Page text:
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DBDM

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This is a photo of an ESP LTD 401C that my son and I mess around with. We installed a "Fret Zealot" onto it just to hoarse around with. I moved the strings out of the way and polished the 2nd fret, dry. Litterally just loosned the strings and rubed it for a second. Photo is not perfect but you can see how well the little nail buffer works here in the center of the 2nd fret.

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DBDM

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Here is the dog, herself. Supervising
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DBDM

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This one is not too clear but here is a shot of the fretboard with the 2nd fret polished and Dremmeled but not the first or rest of the frets. Not sure if you can tell but it is a tiny bit shinier.
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DBDM

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The whole guitar waiting on the oil to soak into the fretboard. I like to leave it for a while and re-oil any spots that absorbed all the oil. I used "Fret Doctor" this time just to try it. I am under no illusion that it is magic or better than any other good fret conditioner. i was just curious. This board was pretty dry so I want to get it well conditioned.
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DBDM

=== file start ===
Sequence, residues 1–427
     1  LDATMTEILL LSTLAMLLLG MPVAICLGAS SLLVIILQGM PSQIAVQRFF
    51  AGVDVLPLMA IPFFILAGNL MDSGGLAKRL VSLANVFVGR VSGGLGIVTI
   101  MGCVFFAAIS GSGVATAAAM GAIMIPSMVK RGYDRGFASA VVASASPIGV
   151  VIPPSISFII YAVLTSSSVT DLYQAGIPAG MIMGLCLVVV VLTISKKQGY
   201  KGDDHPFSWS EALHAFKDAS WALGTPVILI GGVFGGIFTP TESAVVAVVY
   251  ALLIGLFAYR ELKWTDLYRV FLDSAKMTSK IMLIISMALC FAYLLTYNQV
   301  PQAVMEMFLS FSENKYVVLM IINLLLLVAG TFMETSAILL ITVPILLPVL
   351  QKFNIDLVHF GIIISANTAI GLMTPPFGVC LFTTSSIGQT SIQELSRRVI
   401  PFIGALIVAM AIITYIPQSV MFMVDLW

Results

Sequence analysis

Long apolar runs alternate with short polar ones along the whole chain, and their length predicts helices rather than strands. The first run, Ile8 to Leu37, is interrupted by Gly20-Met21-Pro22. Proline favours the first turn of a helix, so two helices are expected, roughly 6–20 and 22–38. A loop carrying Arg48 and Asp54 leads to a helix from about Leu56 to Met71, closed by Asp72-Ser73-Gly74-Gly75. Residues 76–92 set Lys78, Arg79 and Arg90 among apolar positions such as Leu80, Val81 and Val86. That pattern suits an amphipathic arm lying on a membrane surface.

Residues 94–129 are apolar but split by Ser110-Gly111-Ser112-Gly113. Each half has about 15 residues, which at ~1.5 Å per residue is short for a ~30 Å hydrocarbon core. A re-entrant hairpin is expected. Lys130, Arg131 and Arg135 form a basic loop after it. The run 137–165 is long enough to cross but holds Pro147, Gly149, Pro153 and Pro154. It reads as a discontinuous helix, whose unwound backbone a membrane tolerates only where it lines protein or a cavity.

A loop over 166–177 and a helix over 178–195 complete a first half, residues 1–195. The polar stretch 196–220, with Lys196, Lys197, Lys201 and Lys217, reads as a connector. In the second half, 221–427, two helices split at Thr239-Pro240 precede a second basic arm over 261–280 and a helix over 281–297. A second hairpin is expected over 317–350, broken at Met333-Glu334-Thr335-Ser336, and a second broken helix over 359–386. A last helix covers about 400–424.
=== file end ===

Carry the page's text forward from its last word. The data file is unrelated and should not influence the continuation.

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kind of a fuzzy shot of my whole little workmate workbench while I was waiting on the board to dry. I put eveything on the workbench to clean up a little bit.
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DBDM

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3rd view. Also my puppy in the background coming to see what I am doing. I use a shooters bench beanbag as a neck rest. i find it works well. Anyone looking closely will see my 3 hobbies represented in these photos--shooting, golf, and guitars. When turned sideways the shooters rest allows me to set up the guitar in playing position while still sitting on the bench. Which I find comfortable.
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DBDM

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Hope this helps with anyone wanting to know how to polish frets. I couldnt really find a thread about it. Also likely helpful if anyone is curious about Dog Dremmels. i may be the first person, ever, to use a dog Dremmel on a Custom Shop Les Paul Standard? Not sure.

Final conclusion--0000 Grit Steel wook works great and has been the go to for years. Nail buffers work even better and are far less messy. Polishing compound is even better--but very messy and labor intensive and I always worry about what it may or may not do to the fretboard. My "regular" Dremmel makes me uncomfortable even at the lowest speed but the Dog Dremmel does make a slight improvement over even intensive polishing with polishing compound--but probably not enough to invest in one (the little polishing wheels are not free).